Horse riding safari in Uganda
Description of Horse riding safari in Uganda
This trip can be tailor made throughout the year to suit your requirements
As the pioneers of responsible tourism, we've screened this (and every) holiday so that you can travel knowing it will help support the places and people that you visit, and the planet. Read how below.
PlanetThe majority of this trip is spent in areas not usually visited by tourists; we will meet local communities and perhaps a few ex-pats, but very few travellers from outside Uganda. That’s one of the beauties of travelling on horseback; it gets you right off the established routes. There is no more environmentally-friendly means of transport than the horse: they are quiet and gentle on the environment and a natural part of the habitat.
All the lodges we use are solar powered, either entirely, or the majority of their power-demand comes from renewable sources. Being on the bank of the Nile, in a rainforest area, means that natural water is in abundance, so drinking water is readily available and the challenge of water conservation less poignant here than in many other places.
The rainforest in this much-overlooked corner of Uganda is vulnerable: it escaped development in the 1900’s because of economic factors. That is to say, the indigenous rubber trees of Uganda were not viable compared to the high-yielding rubber trees in SE Asia. Consequently the forest was not developed but left in its pristine state. As a result, the forest that now exists must be protected. In order for protection to be a viable entity there must be an income and horse riding provides this. This is a glorious area to ride through and horses are a natural part of it. The fact that we are here, buying accommodation, guiding services and horse husbandry services directly from the local people means that they (as well as we) have a vested interest in keeping this little-known rainforest intact.
On the trail we make sure to remove all waste from picnic stops; what can be recycled is done so, and safely burning everything else. Sterilized water is provided every day, eliminating the need for the use of plastic bottles. As the Guide is working in “his own back yard” he will uphold these policies diligently, and we ask guests to do the same in this fragile wilderness areas.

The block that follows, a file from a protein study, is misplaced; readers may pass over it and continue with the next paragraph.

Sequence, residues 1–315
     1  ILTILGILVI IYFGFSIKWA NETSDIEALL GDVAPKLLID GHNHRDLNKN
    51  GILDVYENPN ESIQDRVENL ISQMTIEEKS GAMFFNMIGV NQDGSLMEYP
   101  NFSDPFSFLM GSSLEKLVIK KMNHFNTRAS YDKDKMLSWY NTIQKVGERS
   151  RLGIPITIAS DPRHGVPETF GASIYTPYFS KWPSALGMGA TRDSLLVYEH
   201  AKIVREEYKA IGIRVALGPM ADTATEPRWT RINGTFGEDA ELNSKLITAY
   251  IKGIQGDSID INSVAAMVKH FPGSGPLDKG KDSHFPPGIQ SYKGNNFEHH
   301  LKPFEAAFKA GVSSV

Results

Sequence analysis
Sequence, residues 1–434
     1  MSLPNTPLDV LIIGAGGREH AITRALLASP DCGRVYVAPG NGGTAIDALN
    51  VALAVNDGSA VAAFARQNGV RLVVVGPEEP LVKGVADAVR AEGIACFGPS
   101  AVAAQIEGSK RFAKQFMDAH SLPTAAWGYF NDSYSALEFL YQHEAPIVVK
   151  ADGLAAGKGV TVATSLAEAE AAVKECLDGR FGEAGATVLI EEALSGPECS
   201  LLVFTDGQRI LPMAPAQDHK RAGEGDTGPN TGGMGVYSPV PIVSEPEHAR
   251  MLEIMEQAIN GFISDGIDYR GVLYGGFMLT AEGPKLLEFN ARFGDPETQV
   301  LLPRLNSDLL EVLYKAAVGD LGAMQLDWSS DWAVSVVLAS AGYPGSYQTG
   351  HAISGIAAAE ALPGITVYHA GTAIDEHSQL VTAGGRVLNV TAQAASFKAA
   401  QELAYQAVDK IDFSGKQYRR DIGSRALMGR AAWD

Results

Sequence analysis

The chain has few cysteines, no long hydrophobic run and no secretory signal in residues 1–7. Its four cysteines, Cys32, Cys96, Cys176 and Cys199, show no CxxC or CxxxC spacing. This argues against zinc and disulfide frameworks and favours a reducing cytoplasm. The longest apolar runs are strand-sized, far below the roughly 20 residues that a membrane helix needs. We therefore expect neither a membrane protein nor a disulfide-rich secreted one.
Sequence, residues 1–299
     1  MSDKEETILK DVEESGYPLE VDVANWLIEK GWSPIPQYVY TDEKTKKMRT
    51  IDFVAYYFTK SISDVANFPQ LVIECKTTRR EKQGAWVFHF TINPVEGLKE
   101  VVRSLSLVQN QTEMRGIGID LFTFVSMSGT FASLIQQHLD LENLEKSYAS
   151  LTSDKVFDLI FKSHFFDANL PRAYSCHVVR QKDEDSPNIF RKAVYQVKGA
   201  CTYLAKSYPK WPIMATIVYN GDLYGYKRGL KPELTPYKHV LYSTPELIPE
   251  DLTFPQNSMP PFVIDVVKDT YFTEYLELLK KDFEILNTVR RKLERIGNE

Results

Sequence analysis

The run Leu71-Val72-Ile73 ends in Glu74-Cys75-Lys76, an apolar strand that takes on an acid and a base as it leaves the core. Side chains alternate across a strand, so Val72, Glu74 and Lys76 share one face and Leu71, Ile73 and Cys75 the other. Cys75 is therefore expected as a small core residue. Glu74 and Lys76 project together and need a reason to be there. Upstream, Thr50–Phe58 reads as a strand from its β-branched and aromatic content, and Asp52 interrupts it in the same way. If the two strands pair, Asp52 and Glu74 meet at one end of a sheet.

PeopleWe are acutely aware of the economic, ecological and ethical impact tourism should have on indigenous communities and fragile environments. Our leaders, guides and entire company is trained to handle trips in a nuanced manner so that all stake-holders – including grooms, stable-boys, cooks, drivers, local suppliers of food and facilities, as well as the guides you interact with directly on a daily basis, and of course the habitats we pass through – all benefit. Having a zero impact isn’t good enough, we must leave everything slightly better than we find it.
Money is spent locally shopping for fresh veg, horses, accommodation and the hundred-and-one other things we need. Local people are therefore benefiting through employment, and you benefit from the opportunity of chewing the fat with all sorts of locals you wouldn’t normally cross paths with. Our group size throughout the trip is limited to 8 so as not to overwhelm both the communities we visit, and the environment.
Local people are recruited and trained in equine husbandry, stable management and the softer skills of dealing with overseas visitors. These skills are transferable and the wider safari business is Uganda’s largest sector, which makes our people eminently employable. Operating in the Mabira rainforest area also provides an avenue of employment that allows local people to remain in their home area rather than migrate to urban areas which the lure generally exceeds the reality.
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